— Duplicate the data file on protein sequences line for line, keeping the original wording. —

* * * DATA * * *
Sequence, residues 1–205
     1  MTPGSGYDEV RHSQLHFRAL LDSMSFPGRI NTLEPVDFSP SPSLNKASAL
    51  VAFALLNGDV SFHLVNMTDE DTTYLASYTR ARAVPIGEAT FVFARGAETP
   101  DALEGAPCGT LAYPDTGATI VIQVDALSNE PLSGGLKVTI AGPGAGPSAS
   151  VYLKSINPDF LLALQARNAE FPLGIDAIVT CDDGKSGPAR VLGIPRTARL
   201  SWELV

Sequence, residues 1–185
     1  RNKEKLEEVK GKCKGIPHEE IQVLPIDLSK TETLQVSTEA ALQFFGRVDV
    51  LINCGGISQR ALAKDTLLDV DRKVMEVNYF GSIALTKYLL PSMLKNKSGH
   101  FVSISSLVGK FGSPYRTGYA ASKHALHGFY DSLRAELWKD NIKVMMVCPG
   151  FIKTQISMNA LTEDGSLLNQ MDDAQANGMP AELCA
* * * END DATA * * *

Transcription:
Sequence, residues 1–205
     1  MTPGSGYDEV RHSQLHFRAL LDSMSFPGRI NTLEPVDFSP SPSLNKASAL
    51  VAFALLNGDV SFHLVNMTDE DTTYLASYTR ARAVPIGEAT FVFARGAETP
   101  DALEGAPCGT LAYPDTGATI VIQVDALSNE PLSGGLKVTI AGPGAGPSAS
   151  VYLKSINPDF LLALQARNAE FPLGIDAIVT CDDGKSGPAR VLGIPRTARL
   201  SWELV

Sequence, residues 1–185
     1  RNKEKLEEVK GKCKGIPHEE IQVLPIDLSK TETLQVSTEA ALQFFGRVDV
    51  LINCGGISQR ALAKDTLLDV DRKVMEVNYF GSIALTKYLL PSMLKNKSGH
   101  FVSISSLVGK FGSPYRTGYA ASKHALHGFY DSLRAELWKD NIKVMMVCPG
   151  FIKTQISMNA LTEDGSLLNQ MDDAQANGMP AELCA